Connecting the traditional and modern music of the UK with National Pioneers
The UK has a vibrant and storied history of music across its Nations; and those stories can help better connect us to the communities we grow up in.
Broadening your music horizons can come from both discovering new local artists and looking to the past at the instruments and genres that helped to shape music today.
National Pioneers is a Bring the Noise video series that blends the old and the new; musicians from Scotland, Northern Ireland, Wales and England sharing picture book-like stories of their music origins, followed by an introduction to a traditional instrument, perfect for parents and children watching together.
England: Nadia Rose and the Accordion
"The rhymes tumbled out of little Nadia so fast, she had to start writing them down!"
Rapper Nadia Rose is all about being both playful and positive. Growing up in Croydon, England, her songs often revolve around witty lyrics and her community. She's said that if she wasn't making music, she'd love to be a children's television presenter. She also happens to be Stormzy's cousin but her talent and success is all her own.
For National Pioneers, she tells the story of The Girl Who Loved to Make Words Rhyme. Teaming up with beatboxer Bamz, they took their music from their bedroom to concerts all over the world. Making up rhymes and song lyrics is a great way to improve literacy skills and learn new words.
After her story, Nadia performs her song Secure the Bag - a song so fresh it was still to be released when the episode was filmed! She's joined by the accordion, an instrument that has roots in English folk music. Its brash sound was at first unpopular in the early 1800s but its uniqueness introduced new genres to the UK, like polka. Combining hip hop with an accordion might sound unusual, but the end result is incredibly catchy!
Northern Ireland: SOAK and the Tin Whistle
"Maybe with lots of practice, they too could be heard."
Bridie Monds-Watson (also known as SOAK) is a singer-songwriter from Derry-Londonderry, Northern Ireland. The stage name SOAK came from mixing the words 'Soul' and 'Folk', but her songs don't fit neatly into either genre. Her songs are acoustic led, emotional and have a dream-like quality that's perfect for winding down at the end of a long day.
For National Pioneers, Bridie tells the story of The Kid who Wanted to be Heard. Bridie has older brothers, and getting her voice to stand out when growing up was a challenge! However, getting her first guitar (and putting in a lot of practice) helped Bridie find a way to shine that was uniquely hers.
After their story, Bridie performs her song Sea Creatures, accompanied by the tin whistle. Tin whistles go by several names (including the Irish whistle, the penny whistle and the flageolet) and were designed to be inexpensive to make, so anyone could afford to play one.
Wales: Kizzy Crawford and the Tabwrdd
"After a couple of songs she found her voice, and it was the best feeling ever!"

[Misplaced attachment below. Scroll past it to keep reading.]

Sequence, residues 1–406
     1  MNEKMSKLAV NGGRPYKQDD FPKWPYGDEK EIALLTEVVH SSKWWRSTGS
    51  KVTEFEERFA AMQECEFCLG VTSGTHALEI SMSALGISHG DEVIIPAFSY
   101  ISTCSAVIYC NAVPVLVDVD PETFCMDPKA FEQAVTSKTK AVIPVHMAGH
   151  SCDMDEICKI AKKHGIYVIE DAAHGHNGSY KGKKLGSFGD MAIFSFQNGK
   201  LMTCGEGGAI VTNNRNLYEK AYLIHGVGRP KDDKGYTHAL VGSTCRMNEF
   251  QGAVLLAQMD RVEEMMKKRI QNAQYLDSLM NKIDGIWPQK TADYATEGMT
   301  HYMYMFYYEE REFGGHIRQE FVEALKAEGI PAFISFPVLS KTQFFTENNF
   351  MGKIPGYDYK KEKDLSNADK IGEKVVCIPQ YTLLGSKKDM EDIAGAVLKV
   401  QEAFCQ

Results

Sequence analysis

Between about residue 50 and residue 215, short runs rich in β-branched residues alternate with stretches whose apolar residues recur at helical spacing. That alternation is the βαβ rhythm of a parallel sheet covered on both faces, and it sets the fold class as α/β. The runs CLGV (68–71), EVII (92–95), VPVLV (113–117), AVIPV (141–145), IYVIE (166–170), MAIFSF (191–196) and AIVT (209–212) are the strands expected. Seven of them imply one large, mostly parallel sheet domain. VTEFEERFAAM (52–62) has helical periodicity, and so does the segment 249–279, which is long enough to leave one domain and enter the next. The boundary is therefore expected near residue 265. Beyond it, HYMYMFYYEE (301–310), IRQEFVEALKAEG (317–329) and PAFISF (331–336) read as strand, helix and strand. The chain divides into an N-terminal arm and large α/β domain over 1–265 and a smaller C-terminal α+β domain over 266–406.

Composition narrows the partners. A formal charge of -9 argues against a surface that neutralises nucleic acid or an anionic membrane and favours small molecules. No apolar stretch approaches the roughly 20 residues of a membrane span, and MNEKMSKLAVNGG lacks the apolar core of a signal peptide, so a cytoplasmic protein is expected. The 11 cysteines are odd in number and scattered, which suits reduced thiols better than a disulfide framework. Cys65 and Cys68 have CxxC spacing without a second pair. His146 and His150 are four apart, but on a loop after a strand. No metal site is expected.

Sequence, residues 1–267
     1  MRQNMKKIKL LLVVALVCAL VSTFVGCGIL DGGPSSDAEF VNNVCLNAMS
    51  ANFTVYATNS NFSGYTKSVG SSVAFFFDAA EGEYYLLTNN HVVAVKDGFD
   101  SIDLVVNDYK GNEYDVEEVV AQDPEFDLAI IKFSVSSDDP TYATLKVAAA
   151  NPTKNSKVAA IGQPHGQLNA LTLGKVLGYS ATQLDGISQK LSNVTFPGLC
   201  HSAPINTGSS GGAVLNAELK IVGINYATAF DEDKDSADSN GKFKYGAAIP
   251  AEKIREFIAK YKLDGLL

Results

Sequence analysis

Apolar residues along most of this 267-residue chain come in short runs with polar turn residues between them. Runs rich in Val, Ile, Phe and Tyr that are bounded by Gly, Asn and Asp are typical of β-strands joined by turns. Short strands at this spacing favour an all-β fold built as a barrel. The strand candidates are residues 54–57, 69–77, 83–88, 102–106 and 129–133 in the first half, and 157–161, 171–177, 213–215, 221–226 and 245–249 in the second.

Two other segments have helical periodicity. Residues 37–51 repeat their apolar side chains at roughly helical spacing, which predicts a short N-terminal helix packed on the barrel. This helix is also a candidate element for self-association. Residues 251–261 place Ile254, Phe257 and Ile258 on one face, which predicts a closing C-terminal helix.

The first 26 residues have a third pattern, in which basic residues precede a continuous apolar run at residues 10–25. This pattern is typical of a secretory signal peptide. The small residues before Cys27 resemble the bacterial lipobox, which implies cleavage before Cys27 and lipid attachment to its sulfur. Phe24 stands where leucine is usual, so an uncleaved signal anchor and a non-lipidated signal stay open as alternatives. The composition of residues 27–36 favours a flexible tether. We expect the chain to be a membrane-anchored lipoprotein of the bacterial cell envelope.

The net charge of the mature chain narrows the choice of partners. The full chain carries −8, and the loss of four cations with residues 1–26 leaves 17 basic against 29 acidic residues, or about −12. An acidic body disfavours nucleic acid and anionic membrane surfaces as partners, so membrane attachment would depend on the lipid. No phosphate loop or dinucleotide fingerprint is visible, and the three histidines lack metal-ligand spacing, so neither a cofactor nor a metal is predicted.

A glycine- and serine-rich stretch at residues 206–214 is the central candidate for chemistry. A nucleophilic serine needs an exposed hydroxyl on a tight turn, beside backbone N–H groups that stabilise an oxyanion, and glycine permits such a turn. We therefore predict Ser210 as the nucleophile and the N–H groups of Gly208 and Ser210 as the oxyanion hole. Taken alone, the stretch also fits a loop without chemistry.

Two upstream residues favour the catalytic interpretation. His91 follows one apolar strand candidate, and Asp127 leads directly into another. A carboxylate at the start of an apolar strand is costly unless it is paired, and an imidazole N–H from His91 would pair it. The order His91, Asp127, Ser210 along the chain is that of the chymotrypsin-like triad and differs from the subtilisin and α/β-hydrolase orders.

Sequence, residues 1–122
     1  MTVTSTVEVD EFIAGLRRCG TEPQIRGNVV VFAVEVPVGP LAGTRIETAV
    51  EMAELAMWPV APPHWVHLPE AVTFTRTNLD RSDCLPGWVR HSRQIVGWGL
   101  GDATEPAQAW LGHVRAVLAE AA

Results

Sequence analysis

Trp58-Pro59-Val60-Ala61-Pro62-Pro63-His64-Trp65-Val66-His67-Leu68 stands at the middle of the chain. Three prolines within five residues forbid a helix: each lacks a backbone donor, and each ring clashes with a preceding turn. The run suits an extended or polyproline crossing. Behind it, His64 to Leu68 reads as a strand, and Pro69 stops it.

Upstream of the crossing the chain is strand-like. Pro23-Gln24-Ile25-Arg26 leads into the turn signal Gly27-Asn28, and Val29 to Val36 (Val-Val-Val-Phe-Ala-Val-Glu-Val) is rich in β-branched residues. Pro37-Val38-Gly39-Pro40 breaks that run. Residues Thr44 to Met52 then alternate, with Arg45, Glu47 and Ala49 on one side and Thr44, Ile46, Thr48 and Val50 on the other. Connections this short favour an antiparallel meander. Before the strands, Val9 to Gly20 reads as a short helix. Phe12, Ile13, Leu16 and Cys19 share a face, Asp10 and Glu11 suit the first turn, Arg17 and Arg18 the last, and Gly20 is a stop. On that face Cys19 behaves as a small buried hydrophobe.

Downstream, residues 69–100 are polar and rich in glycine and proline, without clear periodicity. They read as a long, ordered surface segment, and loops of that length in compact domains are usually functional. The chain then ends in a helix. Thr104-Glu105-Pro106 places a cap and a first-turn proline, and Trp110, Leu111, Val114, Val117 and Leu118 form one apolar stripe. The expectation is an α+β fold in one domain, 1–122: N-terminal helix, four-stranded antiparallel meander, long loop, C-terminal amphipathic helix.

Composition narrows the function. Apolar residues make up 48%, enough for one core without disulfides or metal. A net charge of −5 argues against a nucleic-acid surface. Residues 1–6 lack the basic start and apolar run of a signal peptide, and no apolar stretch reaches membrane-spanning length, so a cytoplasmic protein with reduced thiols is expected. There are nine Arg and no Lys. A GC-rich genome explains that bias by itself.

Kizzy Crawford is a singer-songwriter who performs in Welsh as well as English. Kizzy has a mixed heritage from Wales and Barbados and that blending of cultures is also reflected in her music, influenced by jazz, indie, soul, folk and more.
For National Pioneers, she tells the story of The Girl from Aberaeron who Stood Out from the Crowd. Growing up, Kizzy was very different from a lot of her peers at school, and it was initially very tempting for her to try and blend in as much as possible. However, after gaining confidence through joining the school choir, Kizzy learned to love the things that made her unique.
After the story, Kizzy performs Golden Brown in Welsh, accompanied by the tabwrdd drum. The song is usually performed in English, so this arrangement is definitely unique. The tabwrdd (or the tabor) is a portable snare drum, making it perfect for marching bands and parades. There have been depictions of tabwrdd players going back as far as medieval Europe!
Scotland: Lucia & the Best Boys and the Fiddle
"Clang! Bang! Twang! They were making the most beautiful sound ever."
Lucia & the Best Boys are a goth-pop rock band from Glasgow, Scotland. The four piece band love to pair their unique look with songs about inner strength and confidence. The band's lead, Lucia Fairfull, initially performed just under her own name but after meeting Conor, Alasdair, and Chris, a new name was forged.
For National Pioneers, Lucia tells the story of The Girl Who Wanted to Rock Out, with some sound effect assistance from the Boys. She talks about how she moved from her small village of Killearn to the city of Glasgow to meet other musicians who shared her love of making some noise. Playing music in an ensemble is an excellent way to forge a community and build social skills alongside music skills.
After the story the whole band perform Summertime while accompanied by the fiddle. The fiddle is very similar in shape and size to the violin - the main difference is in how they are played. Violins appear more in classical music and make clear, precise sounds; whereas the fiddle appears more in folk and jazz music where improvisation is more encouraged.